USA - EPA again working on yet another Navigable Waters Protection Rule

Both because it wants to and because a federal court wants it done, the EPA will be working on a new Navigable Waters Protection Rule.

Such work has gone on now for almost 50 years. The Clean Water Act of 1972 says adding pollutants or dredge or fill material into a “water of the United States (WOTUS)” is unlawful without a permit.

It was not until June 22, 2020, that the Trump EPA managed to enact a federal definition of a WOTUS rule that addressed the alleged overreach of the Obama era. Rain captured in tractor tire tracks would no longer be called “navigable waters.”

However, within a year, the Biden EPA announced its intent to revise the WOTUS definition because the Navigable Waters Protection Rule enacted by the Trump administration “is leading to significant environmental degradation.”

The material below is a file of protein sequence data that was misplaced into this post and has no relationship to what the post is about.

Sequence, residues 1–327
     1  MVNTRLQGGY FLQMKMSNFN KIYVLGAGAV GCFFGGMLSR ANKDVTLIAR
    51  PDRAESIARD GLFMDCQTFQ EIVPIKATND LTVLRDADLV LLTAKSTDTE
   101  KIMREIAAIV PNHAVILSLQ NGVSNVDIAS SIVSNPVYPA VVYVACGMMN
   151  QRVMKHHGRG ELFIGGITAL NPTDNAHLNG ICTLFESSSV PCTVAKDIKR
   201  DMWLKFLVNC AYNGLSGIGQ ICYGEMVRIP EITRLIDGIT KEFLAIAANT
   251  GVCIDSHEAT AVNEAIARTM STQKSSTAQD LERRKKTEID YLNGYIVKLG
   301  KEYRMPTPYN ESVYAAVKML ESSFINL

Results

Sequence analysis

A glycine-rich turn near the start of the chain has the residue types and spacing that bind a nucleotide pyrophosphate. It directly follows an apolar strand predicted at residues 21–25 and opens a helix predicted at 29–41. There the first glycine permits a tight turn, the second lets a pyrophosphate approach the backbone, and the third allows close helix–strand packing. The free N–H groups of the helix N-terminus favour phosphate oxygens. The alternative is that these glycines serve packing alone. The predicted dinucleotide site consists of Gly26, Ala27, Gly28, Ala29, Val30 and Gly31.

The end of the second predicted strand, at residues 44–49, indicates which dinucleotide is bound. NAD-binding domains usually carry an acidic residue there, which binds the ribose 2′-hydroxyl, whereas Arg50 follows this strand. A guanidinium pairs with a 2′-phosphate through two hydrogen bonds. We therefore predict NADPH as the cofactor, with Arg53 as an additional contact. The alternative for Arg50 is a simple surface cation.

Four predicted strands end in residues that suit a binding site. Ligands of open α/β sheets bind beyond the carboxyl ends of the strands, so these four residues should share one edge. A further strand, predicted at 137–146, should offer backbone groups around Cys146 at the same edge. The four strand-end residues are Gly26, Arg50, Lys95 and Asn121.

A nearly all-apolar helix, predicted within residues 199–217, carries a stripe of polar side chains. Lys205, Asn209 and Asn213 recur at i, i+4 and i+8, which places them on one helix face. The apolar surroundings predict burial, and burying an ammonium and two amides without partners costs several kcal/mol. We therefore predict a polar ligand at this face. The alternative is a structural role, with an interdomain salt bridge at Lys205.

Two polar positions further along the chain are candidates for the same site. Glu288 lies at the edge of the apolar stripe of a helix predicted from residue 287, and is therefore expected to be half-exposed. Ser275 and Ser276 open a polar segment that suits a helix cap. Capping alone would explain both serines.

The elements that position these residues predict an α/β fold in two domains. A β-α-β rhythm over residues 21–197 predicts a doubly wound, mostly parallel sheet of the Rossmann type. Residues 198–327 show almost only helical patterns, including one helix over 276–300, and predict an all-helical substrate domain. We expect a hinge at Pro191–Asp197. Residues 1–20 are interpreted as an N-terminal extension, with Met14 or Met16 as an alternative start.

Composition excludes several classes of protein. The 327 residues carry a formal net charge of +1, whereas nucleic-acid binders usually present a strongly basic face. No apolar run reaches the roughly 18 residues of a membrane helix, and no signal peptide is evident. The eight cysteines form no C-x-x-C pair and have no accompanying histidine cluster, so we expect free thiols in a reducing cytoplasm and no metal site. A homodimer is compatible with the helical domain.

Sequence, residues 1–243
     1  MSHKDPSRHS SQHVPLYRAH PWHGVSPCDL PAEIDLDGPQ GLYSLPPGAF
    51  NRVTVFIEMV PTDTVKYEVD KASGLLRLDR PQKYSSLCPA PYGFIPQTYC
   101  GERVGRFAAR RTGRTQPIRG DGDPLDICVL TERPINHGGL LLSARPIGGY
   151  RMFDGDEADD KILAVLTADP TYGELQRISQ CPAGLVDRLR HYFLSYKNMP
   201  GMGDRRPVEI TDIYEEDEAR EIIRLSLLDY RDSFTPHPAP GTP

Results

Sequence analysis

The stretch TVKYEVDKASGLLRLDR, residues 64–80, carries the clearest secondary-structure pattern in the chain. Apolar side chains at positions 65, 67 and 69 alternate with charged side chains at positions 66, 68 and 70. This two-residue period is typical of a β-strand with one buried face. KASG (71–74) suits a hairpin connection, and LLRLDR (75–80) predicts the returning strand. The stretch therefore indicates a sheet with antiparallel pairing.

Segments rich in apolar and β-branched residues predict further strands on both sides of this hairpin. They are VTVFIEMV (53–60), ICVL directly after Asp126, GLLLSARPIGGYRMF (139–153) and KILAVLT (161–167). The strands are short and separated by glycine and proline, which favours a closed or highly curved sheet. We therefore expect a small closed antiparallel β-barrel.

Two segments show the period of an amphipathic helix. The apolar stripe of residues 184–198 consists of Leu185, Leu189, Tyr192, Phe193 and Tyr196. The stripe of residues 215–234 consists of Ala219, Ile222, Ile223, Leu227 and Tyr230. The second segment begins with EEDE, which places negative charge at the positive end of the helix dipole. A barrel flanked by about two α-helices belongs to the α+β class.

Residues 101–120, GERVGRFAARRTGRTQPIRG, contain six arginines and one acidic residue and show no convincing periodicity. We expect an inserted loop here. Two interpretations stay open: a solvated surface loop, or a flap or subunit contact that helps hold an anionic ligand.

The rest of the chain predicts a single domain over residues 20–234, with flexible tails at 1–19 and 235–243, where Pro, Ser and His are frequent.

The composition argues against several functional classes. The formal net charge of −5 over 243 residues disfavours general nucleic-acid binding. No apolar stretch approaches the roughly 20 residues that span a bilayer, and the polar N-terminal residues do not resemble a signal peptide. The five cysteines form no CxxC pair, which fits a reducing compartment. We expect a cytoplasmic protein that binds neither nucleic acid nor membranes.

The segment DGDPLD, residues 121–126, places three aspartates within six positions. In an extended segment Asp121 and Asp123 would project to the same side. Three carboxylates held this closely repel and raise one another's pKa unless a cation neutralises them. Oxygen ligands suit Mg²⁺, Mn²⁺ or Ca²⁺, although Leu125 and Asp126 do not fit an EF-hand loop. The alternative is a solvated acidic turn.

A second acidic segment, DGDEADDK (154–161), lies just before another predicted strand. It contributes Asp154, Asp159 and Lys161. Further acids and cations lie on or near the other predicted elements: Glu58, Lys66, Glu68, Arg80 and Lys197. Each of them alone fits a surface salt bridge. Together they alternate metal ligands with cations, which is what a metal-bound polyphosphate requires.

And on Aug. 30, a federal district court in Arizona said the 2020 Navigable Waters Protection Rule from the Trump EPA is no longer valid. The ruling, which the Biden Justice Department is unlikely to appeal, clears the way for a new round of rulemaking as the Biden EPA comes up with its definition of federal water.

The Trump administration worked for more than three years to craft a rule that gave EPA and the Army Corps of Engineers authority to regulate clearly defined navigable waters, but not such features as man-dug ditches and isolated ponds. These would fall under state and local authorities.

The Biden administration has erased that approach with a few months of work and returned WOTUS to the 2015 version. EPA Administrator Michael Regan has promised “meaningful stakeholder engagement” during the new rulemaking process.

EPA says the new regulatory effort will be guided by:

  • Protecting water resources and communities consistent with the Clean Water Act;
  • The latest science and effects of climate change on waters;
  • Emphasizing a rule with practical implementation for state and tribal governments; and
  • Reflecting the experience and input of landowners, the agriculture community, state and tribal governments, and others.

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